The title might suggest that I have downloaded the wrong music file and am attempting to write a review of a supercar chop shop business in downtown Shanghai, that is until you work out that the name is actually an anagram of Andrew Golding, founding member of C86 pioneers The Wolfhounds and what is before me is his debut solo album. And if The Wolfhounds had a signature sound of fairly, of its moment jangle-pop, albeit getting more and more off-kilter by the release, Dragon Welding draws its inspirations from a much more eclectic sonic palette.

These Are Dangerous Times is a clever blend of frantic acoustic, brooding rock energies, warped guitar washes and howling, distant peripheral sounds yet it is as infectious as anything you’d find in the current indie or alt-pop canon. It is also shot through with an intricacy, not to mention integrity, that the current custodians of such genres could only dream of. The Builders takes things even further down such a road, a 6 minute blast of high-octane, intense doom-pop, the perfect collision of dark, relentless undercurrents and clinical krautrock hypnotics  all the time decrying the gentrification of our cities.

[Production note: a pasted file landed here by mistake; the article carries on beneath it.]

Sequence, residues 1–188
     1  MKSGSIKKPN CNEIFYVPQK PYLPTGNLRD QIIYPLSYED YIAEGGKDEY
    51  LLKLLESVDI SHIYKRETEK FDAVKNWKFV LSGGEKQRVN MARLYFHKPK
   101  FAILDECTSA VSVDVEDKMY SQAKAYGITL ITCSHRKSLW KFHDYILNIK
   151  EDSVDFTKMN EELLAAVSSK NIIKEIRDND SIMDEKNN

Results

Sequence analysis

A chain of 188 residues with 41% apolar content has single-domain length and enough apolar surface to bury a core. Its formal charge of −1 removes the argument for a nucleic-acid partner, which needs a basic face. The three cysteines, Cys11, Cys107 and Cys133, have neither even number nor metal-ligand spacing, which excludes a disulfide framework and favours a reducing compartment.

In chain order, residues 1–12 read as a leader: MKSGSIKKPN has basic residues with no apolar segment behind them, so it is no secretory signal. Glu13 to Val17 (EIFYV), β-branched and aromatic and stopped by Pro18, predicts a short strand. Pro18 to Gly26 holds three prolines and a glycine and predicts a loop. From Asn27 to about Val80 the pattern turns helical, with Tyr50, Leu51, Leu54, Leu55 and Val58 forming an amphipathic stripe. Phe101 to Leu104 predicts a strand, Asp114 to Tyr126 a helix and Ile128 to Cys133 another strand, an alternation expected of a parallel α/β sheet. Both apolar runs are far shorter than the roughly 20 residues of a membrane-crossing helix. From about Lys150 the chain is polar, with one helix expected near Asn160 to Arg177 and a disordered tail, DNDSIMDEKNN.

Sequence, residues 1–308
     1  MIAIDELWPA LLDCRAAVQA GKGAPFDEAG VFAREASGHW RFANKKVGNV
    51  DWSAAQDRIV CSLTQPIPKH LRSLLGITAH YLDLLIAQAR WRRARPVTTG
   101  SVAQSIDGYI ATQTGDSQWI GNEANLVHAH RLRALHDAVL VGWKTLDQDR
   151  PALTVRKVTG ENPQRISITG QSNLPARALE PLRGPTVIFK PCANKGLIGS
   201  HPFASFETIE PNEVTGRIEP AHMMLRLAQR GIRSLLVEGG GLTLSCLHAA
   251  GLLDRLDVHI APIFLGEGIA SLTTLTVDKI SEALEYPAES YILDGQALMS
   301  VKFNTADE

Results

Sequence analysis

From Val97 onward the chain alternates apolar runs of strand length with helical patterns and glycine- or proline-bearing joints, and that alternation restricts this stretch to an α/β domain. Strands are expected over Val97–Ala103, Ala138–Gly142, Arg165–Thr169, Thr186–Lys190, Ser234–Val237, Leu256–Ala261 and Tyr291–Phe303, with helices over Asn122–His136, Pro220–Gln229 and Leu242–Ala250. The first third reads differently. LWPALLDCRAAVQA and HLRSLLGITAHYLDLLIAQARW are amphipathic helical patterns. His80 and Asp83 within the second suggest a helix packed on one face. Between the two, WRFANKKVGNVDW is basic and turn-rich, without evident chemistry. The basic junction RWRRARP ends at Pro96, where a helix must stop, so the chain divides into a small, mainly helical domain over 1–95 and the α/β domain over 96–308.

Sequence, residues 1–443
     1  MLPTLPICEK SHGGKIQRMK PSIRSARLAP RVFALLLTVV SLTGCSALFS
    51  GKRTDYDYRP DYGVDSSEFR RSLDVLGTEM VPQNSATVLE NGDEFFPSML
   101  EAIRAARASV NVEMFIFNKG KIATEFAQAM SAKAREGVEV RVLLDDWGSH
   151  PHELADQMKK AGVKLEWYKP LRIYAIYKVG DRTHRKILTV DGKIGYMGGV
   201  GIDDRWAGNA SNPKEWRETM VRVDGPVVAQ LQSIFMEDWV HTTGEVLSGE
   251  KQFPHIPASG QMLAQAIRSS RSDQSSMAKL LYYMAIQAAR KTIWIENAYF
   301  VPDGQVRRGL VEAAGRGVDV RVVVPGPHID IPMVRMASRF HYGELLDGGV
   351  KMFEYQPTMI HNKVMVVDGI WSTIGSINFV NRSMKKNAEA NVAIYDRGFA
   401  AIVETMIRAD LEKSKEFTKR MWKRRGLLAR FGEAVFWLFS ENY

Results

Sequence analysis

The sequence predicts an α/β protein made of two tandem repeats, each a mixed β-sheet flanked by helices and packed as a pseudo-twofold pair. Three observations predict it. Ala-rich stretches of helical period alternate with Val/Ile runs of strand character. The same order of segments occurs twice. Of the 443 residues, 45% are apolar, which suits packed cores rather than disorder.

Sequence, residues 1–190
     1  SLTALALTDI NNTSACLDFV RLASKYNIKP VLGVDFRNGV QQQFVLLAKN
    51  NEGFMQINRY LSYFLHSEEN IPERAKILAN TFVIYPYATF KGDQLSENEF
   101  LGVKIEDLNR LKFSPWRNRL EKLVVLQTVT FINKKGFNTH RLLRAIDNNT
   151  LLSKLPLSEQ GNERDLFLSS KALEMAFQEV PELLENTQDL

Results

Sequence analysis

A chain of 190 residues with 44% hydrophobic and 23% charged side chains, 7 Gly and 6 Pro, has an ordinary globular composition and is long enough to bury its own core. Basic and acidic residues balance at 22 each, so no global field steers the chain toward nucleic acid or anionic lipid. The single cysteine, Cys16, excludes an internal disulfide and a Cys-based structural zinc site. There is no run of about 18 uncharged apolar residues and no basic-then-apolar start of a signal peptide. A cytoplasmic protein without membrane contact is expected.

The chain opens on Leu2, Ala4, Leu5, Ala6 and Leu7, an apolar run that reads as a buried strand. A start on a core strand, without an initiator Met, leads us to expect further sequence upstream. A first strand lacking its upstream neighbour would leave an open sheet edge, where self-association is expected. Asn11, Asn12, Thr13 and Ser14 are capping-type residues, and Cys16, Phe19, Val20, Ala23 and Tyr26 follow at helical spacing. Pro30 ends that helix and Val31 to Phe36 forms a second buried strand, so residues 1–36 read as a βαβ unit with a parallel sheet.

The album takes in more melodic but no less intense garage rock with Join The Dots, wanders some glitchy and wonderfully crazy paving clad routes on The Dumb and even bows out with Lament For Common Sense’s mix of ambient sounds fashioned from industrial noises.

Dragon Welding is a great debut album, one that places deft lyrical observation at the heart of sonic maelstroms so that often there is a sense of someone trying to tell you something important through a howling gale. Whilst an automated car plant collapses mid shift. On an active fault line. In a war zone. And somehow Golding fashions all of these challenging, hard-edged, grinding and grating sounds into something both beautifully intense and more often than not, intensely beautiful.

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